(Sharecast News) – Britain’s budget deficit in August was slightly higher than expected, according to official data published on Thursday, meaning Finance Minister Jeremy Hunt will have less scope for tax cuts ahead of the General Election.
Public sector net borrowing excluding state-owned banks was £11.6bn in August, above consensus forecasts of £11.1bn, but below the Office for Budgetary Responsibility’s £13bn estimate.
The estimate of borrowing in the first four months of 2023/24 was revised up to £58.1bn, from £56.6bn. Net borrowing for the April-August period came in at £69.6bn, up £19.3bn year on year.
Analysts said GDP data and business survey results indicated that risks to growth forecasts were skewed to the downside.
In addition, debt interest payments were likely to exceed the OBR’s forecast by a larger margin over coming months, as more of the stock of debt is refinanced at higher interest rates than it anticipated.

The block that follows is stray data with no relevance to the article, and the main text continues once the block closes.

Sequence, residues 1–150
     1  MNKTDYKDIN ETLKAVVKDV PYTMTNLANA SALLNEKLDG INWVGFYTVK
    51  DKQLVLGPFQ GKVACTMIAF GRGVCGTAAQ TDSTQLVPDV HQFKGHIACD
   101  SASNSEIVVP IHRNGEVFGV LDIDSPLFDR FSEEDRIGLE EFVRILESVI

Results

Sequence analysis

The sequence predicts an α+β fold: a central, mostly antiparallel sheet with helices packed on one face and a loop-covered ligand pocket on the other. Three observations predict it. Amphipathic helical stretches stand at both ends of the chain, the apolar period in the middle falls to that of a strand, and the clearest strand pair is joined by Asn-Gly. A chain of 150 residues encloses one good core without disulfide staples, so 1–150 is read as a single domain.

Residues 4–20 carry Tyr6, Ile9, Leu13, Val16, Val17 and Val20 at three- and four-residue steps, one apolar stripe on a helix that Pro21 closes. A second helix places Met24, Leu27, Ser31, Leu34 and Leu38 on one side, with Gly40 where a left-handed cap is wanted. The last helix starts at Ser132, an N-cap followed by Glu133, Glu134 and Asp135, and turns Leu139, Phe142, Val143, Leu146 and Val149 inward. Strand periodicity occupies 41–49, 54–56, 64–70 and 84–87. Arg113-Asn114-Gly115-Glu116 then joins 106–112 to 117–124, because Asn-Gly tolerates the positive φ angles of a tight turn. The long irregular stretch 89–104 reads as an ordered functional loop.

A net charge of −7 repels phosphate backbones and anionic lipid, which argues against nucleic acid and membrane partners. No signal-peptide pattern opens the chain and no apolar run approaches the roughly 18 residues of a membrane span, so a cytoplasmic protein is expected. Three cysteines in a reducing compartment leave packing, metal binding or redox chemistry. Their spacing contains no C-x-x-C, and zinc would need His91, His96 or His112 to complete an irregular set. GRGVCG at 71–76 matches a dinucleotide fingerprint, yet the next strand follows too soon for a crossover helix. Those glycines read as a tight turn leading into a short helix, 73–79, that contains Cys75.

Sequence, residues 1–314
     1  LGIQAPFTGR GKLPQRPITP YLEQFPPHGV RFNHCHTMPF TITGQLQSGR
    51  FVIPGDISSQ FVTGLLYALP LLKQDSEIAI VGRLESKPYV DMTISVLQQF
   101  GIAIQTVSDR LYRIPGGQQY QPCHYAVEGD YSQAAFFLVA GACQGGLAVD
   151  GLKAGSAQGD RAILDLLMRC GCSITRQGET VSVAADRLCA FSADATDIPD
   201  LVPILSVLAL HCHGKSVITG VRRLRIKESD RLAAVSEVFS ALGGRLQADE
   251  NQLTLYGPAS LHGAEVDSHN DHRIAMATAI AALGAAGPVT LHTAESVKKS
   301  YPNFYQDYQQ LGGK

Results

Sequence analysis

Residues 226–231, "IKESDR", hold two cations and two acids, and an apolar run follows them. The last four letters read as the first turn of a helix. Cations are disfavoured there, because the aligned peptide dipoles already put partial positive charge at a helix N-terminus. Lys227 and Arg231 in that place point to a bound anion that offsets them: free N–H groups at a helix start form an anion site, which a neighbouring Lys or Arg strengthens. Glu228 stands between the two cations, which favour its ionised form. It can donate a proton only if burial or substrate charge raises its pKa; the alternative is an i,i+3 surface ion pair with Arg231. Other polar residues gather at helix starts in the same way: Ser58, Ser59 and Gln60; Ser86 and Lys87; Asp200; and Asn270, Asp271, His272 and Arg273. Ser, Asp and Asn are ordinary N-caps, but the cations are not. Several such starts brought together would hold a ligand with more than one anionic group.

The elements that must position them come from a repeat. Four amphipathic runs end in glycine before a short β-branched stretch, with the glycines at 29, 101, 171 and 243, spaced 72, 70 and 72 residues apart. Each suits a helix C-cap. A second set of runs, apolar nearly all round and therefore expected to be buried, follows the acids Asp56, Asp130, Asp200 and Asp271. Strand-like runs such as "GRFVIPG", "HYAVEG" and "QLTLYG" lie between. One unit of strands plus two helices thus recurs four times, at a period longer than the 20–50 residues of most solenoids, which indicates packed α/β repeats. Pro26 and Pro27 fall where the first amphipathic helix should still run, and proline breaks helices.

“Full-year borrowing will total £113.2bn, a hefty £18.4bn below the OBR’s forecast, if this trend is maintained. We doubt, however, that the OBR will lower its full-year forecast quite that dramatically in the Autumn Statement on November 22,” said Samuel Tombs, chief UK economist at Pantheon Macroeconomics.
“Households usually enjoy tax cuts in the run-ins to general elections, but we expect Hunt to make only token gestures in the Autumn Statement.”
“The ongoing increase in hospital waiting lists and the need to invest in public buildings points to little scope to fund tax cuts by squeezing spending. Note too that, as things stand, the government is committed to raising the state pension by 8.5% in April-in line with July’s rate of year-over-year growth in average weekly wages-which will cost about £2bn more than the OBR expected in 2024/25.”
Reporting by Frank Prenesti for Sharecast.com